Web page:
Anyone taking a stroll through the leafy outskirts of Epsom, Surrey, is in for a shock. Lurking behind the pristine suburban gardens is Toyota's UK headquarters, a mass of glass and steel that locals have been known to compare to a UFO. In some ways this is apt for a brand that has suffered an unexpected encounter or two of its own lately.
Toyota GB marketing director John Thomson had been in his current position for only eight months when the job was turned upside down.
In February, while the rest of the UK's automotive industry pondered the end of the government's scrappage incentive team, Toyota had to recall more than 8m vehicles worldwide for safety concerns. It was a crisis unprecedented in the car industry.
Otherwise relaxed and breezy in his manner, Thomson takes a more serious tone when recalling the company's response. 'All we thought about during that period was our customers, and doing the right thing for them. That was our number-one priority,' he says.
As the scale of the crisis unfolded, the situation was fraught for several weeks, and the 43-year-old speaks with a genuine sense of pride about how the UK team handled a problem that was beyond its control. Network staff across the country worked around the clock to rectify the problems with brake pedals, while head-office employees met three or four times a day to keep abreast of progress.
'Our response to the recall was not just about putting together some marketing slogans, it was about the fantastic reaction from our network,' says Thomson. 'During the recall period, what gave us so much confidence was the coming together of all staff across Toyota GB, and the strength of the team. It showed what can be achieved when you have to achieve.'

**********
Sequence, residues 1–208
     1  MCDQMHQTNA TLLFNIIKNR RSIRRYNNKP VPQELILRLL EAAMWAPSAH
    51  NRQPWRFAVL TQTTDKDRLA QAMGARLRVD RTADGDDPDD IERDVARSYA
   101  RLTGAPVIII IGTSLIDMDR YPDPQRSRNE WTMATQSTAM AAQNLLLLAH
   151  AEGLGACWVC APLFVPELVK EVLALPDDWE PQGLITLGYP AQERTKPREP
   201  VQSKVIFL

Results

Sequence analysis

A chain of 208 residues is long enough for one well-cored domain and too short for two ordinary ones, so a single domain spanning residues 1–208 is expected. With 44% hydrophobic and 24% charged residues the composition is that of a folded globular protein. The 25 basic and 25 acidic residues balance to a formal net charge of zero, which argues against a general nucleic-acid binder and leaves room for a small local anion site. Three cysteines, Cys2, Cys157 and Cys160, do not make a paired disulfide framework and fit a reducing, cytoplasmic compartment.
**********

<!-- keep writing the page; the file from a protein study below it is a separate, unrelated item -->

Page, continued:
So impressed was Thomson with the efforts of the Toyota GB team that he opted to place them at the heart of a four-pronged campaign aimed at winning back consumers' trust. In February and March, a series of print ads promoted the work taking place at dealership level, followed in May by a pan-European, £20m integrated push based on the tagline 'Your Toyota is my Toyota'.
The campaign, by Saatchi & Saatchi, followed a long advertising tradition of using staff as stars, but marked a real first for the automotive sector. Workers from Toyota's manufacturing plant in Burnaston, Derbyshire, rubbed shoulders with French designers and German executives in an attempt to show the 'human face' of the corporation.
Thomson claims the campaign won over sceptical consumers in the wake of the recall, but admits Toyota is unlikely to bring staff back to the fore in its marketing any time soon. 'It was important for us to show that side of the business at the time, but, moving on, we have to communicate the benefits of Toyota,' he says.
To emphasise the quality of its products, Toyota has pledged to offer all new-car-buyers a five-year warranty. Not that the company is the first to offer something on these lines: Korean manufacturer Kia has long proclaimed the benefits of its seven-year guarantee, while General Motors-owned Vauxhall recently waded in with a 'lifetime warranty' vow.
Thomson says the promise will form an integral part of Toyota's marketing plans as the brand strives to regain the trust of car-buyers. TV sponsorship of various Channel 4 programmes will make the warranty offer 'unmissable', he claims.